Murray left the team’s morning skate earlier in the day with what coach Sheldon Keefe later called “groin discomfort.” Toronto is hosting Ottawa — Murray’s former team — on Saturday and Murray was expected to start.
Ilya Samsonov will get the call now, with rookie Erik Kallgren recalled from the American Hockey League’s Toronto Marlies on an emergency basis to back up.
The Leafs gain just under $4 million in cap space to recall players now that Murray is on LTIR. However, Toronto is also at the 50-contract limit, so bringing on another goaltender would require making a corresponding move to open up that spot.
Toronto traded for Murray from the Senators in July, taking on the final two seasons of Murray’s four-year, $25 million contract (Ottawa retained 25% of his salary in the exchange).
Toronto opted to add Murray instead of re-signing incumbent starter Jack Campbell, an unrestricted free agent who went on to ink a five-year, $25 million contract with Edmonton. The Leafs also traded Campbell’s former backup Petr Mrazek to Chicago in July, opening the door for an entirely new goalie tandem to take over.
Murray’s tenure with the Leafs thus far has been nearly a worst-case scenario. The veteran has started only one game, a 4-3 season-opening defeat to Montreal that ended with Murray allowing the game-winning goal by Josh Anderson with 19 seconds left in regulation.
Now that Murray’s unavailable, Samsonov will be Toronto’s go-to in net. The 25-year-old signed with the Leafs as a free agent last summer after not receiving a qualifying offer from Washington. Samsonov had been with the Capitals his entire NHL career, sharing the net last season with Vitek Vanecek and posting a 23-12-5 record with .896 SV%.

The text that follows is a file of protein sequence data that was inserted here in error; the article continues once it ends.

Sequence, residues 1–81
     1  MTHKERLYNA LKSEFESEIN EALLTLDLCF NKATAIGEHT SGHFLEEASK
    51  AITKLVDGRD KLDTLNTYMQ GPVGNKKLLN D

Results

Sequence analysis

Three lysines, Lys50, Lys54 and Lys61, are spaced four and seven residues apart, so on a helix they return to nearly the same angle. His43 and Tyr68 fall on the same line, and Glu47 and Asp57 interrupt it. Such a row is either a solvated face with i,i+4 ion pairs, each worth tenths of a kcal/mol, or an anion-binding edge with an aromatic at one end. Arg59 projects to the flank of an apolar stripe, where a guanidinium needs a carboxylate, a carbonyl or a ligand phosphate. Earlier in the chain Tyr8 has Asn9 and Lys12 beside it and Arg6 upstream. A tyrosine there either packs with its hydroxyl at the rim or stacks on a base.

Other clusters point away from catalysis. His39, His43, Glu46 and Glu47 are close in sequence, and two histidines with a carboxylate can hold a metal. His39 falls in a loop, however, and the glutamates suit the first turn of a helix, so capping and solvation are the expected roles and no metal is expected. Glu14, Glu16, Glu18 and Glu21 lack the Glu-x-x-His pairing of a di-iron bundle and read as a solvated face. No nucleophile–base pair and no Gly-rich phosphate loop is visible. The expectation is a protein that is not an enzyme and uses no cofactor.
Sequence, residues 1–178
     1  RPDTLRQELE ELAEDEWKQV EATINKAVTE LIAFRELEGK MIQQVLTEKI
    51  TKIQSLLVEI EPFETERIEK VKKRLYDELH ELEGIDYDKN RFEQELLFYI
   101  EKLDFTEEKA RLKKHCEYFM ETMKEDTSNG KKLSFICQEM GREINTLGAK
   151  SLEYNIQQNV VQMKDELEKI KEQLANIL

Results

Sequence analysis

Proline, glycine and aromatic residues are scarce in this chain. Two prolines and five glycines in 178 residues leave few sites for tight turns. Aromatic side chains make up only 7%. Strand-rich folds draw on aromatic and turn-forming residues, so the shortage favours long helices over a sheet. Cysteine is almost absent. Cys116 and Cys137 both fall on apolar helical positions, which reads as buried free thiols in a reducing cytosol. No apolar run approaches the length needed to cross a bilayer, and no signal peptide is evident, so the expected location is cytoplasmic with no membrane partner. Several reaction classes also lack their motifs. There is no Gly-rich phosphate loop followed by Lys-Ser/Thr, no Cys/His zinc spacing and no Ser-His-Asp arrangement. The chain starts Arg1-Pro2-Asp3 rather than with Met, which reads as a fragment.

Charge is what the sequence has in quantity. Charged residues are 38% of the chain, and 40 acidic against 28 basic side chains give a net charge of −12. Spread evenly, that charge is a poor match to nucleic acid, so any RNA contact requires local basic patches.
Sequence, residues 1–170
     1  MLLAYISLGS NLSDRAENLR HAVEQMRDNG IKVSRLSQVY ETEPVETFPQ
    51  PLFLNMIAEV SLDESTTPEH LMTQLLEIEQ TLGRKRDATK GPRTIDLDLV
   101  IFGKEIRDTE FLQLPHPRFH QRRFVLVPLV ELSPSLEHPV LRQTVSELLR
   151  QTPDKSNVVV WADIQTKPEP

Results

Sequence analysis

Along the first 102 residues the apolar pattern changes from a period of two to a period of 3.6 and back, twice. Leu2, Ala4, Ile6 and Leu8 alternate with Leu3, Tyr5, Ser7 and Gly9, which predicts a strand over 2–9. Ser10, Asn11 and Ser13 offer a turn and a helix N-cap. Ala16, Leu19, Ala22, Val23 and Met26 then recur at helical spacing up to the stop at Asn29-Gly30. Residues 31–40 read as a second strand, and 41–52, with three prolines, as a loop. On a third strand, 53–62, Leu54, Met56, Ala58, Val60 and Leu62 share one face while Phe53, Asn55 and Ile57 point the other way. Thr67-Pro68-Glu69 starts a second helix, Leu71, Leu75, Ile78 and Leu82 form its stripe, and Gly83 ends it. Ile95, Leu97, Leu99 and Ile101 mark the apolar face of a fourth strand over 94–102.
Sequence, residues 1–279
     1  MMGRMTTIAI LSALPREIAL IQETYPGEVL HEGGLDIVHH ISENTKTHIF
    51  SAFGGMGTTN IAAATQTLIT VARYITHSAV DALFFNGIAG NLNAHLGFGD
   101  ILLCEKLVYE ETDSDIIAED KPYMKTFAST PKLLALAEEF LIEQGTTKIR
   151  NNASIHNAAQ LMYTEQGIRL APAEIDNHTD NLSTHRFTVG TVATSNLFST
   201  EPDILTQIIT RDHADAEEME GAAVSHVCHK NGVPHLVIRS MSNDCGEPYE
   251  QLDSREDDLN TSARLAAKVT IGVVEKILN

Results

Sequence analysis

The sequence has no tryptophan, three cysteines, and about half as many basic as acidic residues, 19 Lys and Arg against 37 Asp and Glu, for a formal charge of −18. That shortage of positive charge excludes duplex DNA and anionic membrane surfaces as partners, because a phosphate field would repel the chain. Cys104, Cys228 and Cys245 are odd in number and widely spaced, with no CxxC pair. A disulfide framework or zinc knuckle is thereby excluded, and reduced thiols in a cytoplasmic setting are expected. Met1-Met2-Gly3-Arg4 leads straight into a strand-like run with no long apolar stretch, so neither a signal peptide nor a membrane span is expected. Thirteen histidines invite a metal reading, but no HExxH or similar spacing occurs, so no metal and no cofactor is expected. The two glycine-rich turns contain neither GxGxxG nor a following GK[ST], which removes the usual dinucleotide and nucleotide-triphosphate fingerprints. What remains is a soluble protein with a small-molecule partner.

Murray, 28, has a Stanley Cup winning pedigree from his past with the Pittsburgh Penguins, winning back-to-back championships with the club in 2016 and 2017. When Murray was a pending restricted free agent in October 2020, Pittsburgh traded him to Ottawa, where Murray was immediately extended to his current four-year deal.
The marriage between Murray and the Senators was soured by Murray’s constant injury issues. During his second season in Ottawa, Murray was sidelined by a concussion, upper and lower body ailments, and other undisclosed problems.
That history put Toronto’s decision to trade for Murray under the microscope. Murray can still be effective when healthy, posting .906 SV% for Ottawa last season in limited action. And he has a history with Keefe and Leafs’ general manager Kyle Dubas — he played for the Ontario Hockey League’s Sault Ste Marie Greyhounds from 2010-14, when Keefe and Dubas were coach and GM respectively of that team.
But Murray’s injury-plagued past made going all-in with the netminder more of a risk, something even Ottawa’s coach DJ Smith acknowledged on Friday.
“Matt, unfortunately here, was just injured all the time,” Smith told reporters. “Take nothing away from him. He was just hurt all the time. He had a lot of bad luck.”